Ceramics for Barbeque Grill Gas Igniters
A manufacturer of PZT ceramics wants to make 100,000
cylindrical pieces (5 mm in diameter and 10 mm in height)
per day. These pieces are to be used for a gas igniter. Since
PZT is piezoelectric, it can be squeezed to generate a charge
and the charge can be used to make a spark (Chapter 18).
The manufacturer has access to several different types of
powders (e.g., traditional, hydrothermal, and sol-gel). The
manufacturer also can invest in various processing techniques
(e.g., tape casting, slip casting, uniaxial pressing, or
sintering). What type of synthesis and processing techniques
would you suggest for the manufacturing of these elements?

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Example 14.2 SOLUTION
The application of PZT here is for making gas igniter pieces,
so to keep the cost low, we will choose conventionally
prepared powders.
For powder processing, we choose uniaxial pressing
and sintering since the pieces are cylindrical and can be
produced easily using this technique.
In sintering PZT, we must carefully consider using
binders to achieve higher green density.
Following sintering, the PZT ceramics may have to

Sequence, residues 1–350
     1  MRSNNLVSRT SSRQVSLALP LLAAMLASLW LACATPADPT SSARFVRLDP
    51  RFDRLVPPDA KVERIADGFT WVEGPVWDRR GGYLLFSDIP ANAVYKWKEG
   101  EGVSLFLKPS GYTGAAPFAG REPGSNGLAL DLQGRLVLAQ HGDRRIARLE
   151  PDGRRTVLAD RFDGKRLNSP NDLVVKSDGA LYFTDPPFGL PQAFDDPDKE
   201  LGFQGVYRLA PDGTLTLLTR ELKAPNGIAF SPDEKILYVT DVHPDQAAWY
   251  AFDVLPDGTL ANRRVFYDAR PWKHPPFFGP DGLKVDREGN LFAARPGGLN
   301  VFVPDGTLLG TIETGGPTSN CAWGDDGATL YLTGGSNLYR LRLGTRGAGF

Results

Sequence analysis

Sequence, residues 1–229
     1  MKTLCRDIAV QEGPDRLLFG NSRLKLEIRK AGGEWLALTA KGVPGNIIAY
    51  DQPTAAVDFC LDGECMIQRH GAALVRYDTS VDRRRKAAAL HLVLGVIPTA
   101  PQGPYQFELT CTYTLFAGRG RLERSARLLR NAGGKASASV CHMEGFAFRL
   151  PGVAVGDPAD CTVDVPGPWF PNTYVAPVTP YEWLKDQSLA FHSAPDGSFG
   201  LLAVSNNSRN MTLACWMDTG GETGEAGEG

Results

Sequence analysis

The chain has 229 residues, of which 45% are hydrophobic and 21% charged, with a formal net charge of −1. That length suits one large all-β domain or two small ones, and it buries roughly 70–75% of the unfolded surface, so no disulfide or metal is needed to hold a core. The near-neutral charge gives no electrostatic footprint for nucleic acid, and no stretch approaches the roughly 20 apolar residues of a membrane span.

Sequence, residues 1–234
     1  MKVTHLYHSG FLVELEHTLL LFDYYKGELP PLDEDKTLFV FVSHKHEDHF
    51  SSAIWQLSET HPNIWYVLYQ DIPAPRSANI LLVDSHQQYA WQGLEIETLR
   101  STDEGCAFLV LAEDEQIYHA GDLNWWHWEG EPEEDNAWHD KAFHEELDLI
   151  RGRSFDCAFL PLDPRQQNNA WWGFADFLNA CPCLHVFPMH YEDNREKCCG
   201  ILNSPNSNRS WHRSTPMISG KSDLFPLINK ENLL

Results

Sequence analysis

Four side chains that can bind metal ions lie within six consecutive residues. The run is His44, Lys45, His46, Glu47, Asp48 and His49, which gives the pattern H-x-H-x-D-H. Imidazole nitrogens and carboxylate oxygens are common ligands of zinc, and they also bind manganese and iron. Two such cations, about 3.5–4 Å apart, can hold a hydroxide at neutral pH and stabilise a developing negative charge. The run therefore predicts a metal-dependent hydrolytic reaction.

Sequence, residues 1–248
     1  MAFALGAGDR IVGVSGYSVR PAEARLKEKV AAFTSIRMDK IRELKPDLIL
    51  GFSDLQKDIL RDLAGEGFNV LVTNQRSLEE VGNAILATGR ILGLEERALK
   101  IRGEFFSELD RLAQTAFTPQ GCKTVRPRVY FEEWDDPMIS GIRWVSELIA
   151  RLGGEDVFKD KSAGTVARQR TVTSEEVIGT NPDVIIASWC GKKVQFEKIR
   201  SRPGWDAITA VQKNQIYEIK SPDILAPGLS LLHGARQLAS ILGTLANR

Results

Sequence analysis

undergo some machining.

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Example 14.3
Sintering of Microwave Dielectrics

A manufacturer of barium zinc tantalate (Ba(Zn1/3Ta2/3)O3 or


BZT ceramics) produces cylindrical, puck-shaped devices known
as dielectric resonators. The particular pucks made in this case
are 2 inches in diameter and 1/2 inch tall and they have a 1/2
inch hole at the center. The sintering of these pieces is
conducted at 1500oC, using additives. The manufacturing
process used to make these pieces is well established.
Suddenly, one day, a batch of the dielectric resonators comes
out of the furnace with cracks and must be rejected. The plant
manager determines that the material has reached 98% of the
theoretical target level of densification. What could be the
reason for the cracks?

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Example 14.3 SOLUTION
Problems such as these have to be traced back through
the manufacturing process starting with the raw